Equity is a residual capital. That means claims of equity holders can be satisfied after claims of all others such as lenders and creditors etc., are satisfied. Hence equity holders take maximum risk. However, unlike owners of partnership, equity shareholders have a Limited Liability. This means that, the owner of a stock is not personally liable if the company is not able to pay its debt. In case of partnerships, on the other hand, if the partnership goes bankrupt, the creditors can hold the partners (shareholders) personally liable and sell off their house, car, furniture, etc. to realize their dues. Owning stock means that, no matter what, the maximum value a shareholder can lose is the value of his/her investment. Even if a company goes bankrupt, the shareholder can never lose his/her personal assets.

Capital Losses

Share prices are highly volatile. They keep changing as per market‘s perception about a particular company. Just as there is no upward limit to which share prices can go, there is no downside limit as well. Hence, shareholders may lose substantial or entire part of their investments if share prices go down.

Liquidity Risk

Sometimes shares may suffer from poor liquidity. This means that shares are not traded regularly or even if they are traded the trading volumes are low. This is called liquidity risk. If a company‘s shares become illiquid, shareholders will not be able to sell them off at any price.

1.5 Different Classes of Stock

Companies may issue different classes of common stock. This is because the company may want a particular group of shareholders to have voting rights. Hence, different classes of shares are given different voting rights, provided the law of country allows this. For example, one class of shares would be held by a select group who are given ten votes per share while a second class would be issued to the majority of investors who are given one vote per share.

When there is more than one class of stock, the classes are traditionally designated as Class A and Class B. The different classes of shares trade at different prices and they are given different identification symbols.

1.5.1 Classification of Stocks

Classification of stocks based on market capitalization:

Mega-capOver $100 billion
Large-cap$10 billion–$100 billion
Mid-cap$1 billion–$10 billion
Small-cap$100 million–$1 billion
Micro-cap$10 million-$100 million
Nano-capBelow $10 million

Market capitalization is calculated by multiplying the number of a company’s shares outstanding by its stock price per share.

Large Cap

This classification is based on stocks that have market capitalization of $ 10 billion or more. They are mainly large well-known companies that have businesses across various industries/ sectors. Market capitalization is calculated by multiplying the number of a company’s shares outstanding by its stock price per share.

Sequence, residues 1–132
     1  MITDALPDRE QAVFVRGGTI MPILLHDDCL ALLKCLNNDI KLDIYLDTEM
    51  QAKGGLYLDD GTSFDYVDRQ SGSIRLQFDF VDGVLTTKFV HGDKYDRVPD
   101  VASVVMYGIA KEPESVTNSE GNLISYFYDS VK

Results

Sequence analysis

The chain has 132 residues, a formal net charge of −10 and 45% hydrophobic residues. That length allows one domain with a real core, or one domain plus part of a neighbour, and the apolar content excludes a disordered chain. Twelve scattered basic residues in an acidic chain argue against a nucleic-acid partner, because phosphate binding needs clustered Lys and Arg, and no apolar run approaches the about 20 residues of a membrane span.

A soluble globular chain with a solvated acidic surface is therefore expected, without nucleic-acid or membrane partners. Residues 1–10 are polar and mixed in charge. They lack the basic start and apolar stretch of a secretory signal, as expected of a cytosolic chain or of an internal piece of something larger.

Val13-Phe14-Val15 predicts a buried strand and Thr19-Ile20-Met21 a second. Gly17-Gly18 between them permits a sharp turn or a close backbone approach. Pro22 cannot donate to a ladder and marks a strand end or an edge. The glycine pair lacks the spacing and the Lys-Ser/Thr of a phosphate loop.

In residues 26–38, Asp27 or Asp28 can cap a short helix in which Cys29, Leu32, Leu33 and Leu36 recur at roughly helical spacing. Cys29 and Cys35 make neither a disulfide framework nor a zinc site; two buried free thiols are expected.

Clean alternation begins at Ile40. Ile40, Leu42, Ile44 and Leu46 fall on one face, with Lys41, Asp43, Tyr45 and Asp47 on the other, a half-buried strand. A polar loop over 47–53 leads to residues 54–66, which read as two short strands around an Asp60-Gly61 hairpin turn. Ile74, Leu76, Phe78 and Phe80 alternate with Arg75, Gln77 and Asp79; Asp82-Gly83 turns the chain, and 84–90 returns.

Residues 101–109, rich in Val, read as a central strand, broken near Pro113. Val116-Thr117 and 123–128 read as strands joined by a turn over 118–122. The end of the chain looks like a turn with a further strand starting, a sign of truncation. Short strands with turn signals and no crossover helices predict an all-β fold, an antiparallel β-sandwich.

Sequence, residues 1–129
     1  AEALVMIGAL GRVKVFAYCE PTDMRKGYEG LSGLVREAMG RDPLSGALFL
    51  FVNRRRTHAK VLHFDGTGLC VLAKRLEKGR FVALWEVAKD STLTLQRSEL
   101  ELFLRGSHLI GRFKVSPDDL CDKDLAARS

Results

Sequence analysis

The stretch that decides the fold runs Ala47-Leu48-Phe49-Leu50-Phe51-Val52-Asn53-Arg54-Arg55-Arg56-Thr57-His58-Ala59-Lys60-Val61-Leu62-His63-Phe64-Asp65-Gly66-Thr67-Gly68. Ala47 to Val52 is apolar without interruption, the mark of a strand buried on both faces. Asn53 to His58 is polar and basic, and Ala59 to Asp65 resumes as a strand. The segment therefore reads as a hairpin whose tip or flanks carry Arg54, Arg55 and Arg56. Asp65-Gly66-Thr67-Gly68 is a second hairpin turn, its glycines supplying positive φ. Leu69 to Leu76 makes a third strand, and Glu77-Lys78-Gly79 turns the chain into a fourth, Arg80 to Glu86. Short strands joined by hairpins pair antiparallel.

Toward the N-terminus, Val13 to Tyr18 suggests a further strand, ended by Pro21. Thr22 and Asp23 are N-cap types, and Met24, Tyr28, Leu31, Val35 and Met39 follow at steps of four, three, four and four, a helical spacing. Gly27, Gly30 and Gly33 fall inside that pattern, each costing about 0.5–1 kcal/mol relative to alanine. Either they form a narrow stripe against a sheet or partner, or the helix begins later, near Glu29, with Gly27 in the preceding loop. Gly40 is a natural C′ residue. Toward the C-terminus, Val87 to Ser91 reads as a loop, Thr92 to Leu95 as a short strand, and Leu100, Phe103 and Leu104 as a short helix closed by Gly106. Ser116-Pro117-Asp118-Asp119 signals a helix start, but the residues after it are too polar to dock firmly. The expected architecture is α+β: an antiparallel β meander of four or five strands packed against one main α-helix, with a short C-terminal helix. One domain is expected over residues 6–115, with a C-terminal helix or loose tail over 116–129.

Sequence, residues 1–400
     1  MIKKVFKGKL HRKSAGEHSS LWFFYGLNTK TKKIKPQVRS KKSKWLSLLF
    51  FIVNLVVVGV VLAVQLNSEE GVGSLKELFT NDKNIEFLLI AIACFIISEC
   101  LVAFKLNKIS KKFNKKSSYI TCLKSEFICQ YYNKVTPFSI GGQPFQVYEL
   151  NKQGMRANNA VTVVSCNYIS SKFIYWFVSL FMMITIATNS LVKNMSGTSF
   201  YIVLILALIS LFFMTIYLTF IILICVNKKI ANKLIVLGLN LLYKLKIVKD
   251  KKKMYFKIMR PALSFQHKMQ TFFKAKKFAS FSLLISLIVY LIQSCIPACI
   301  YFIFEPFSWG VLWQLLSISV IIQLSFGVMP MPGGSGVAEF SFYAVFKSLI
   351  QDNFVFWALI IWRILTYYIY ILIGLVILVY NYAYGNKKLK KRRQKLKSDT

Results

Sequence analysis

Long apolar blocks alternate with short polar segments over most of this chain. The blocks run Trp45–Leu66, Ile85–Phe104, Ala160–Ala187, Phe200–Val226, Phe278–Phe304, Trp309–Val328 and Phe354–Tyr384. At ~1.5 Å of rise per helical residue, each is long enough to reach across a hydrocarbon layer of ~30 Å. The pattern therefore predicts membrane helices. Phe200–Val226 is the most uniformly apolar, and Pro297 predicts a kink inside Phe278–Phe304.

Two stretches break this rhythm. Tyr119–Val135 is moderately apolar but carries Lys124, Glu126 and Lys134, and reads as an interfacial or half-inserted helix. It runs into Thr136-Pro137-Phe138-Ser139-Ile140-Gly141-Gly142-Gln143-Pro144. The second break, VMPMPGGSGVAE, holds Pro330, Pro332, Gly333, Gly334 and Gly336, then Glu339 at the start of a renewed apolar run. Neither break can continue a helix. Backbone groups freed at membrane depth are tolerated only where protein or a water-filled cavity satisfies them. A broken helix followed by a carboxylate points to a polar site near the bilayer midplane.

Mid Cap

This classification is based on the company that has been established in a specific sector/ industry and has a capitalization between $1 billion – $10 billion dollars.

Small Cap

This classification is based on small caps typically having capitalization of less than $1 billion dollars. Usually, it is a lesser-known company that may not be tracked by sell-side analysts and investment banks.

Other methods of classifying stocks

Growth Potential

A growth stock is usually defined as a company with incredible growth potential due to market analysis, product, segment, or situation. Examples would be a company that manufactures some special pharmaceutical exclusively like biotechnology.


Stocks can be classified based on geography. A geographic segment can vary greatly in terms of market performance compared with another segment. Thus, there is certainly merit in exploring stocks with geographic diversity.

Value Stocks

The term ―value stock‖ usually refers to a stock that is undervalued in terms of its trading price vs. book value. The book value per share is equal to shareholders equity – preferred stock/average outstanding shares while trading price is the market price at which the stock is traded on the exchange.

1.6 Share Capital as shown in the balance sheet of the company

  • Capital is the money that a company needs to run its business. Equity capital is shown in the following classes in balance sheet of a company.
  • Authorized capital is the maximum number of shares that a company is allowed to issue for raising capital as per the Memorandum of Association (charter) of that company. If authorized capital needs to be changed, shareholders‘ approval is to be obtained and Memorandum of Associated needs to be altered.
  • Issued capital is that part of Authorized capital that has been issued by a company. Companies generally do not issue their entire Authorized capital to the public and withhold part of it for future issues.
  • Called up capital is that part of issued capital for which the shareholders are required to pay.
  • Paid up capital is also called Subscribed capital and is that part of the called up capital for which payment has been received from investors. If the entire issued capital has been paid for by the investors, it is said to be fully-paid up and if the entire issued capital has not been paid for by the investor, then it is called partly-paid up capital.
  • Par Value Shares – Par value of a share is the face value of the share. It is of little economic significance. It may be mandatory to have par value or shares without par value can also be issued. Country regulations may differ. In the US, par value is not mandatory.


The objective of this article was to provide you with some exposure to the equity markets. It covers how equity is a source of ownership capital for a company. This is followed by major differences between debt and equity. Later it covers the different risk and rewards associated with equity. It also covers different classes of stock. Finally, it shows how share capital can be shown in balance sheet of the company.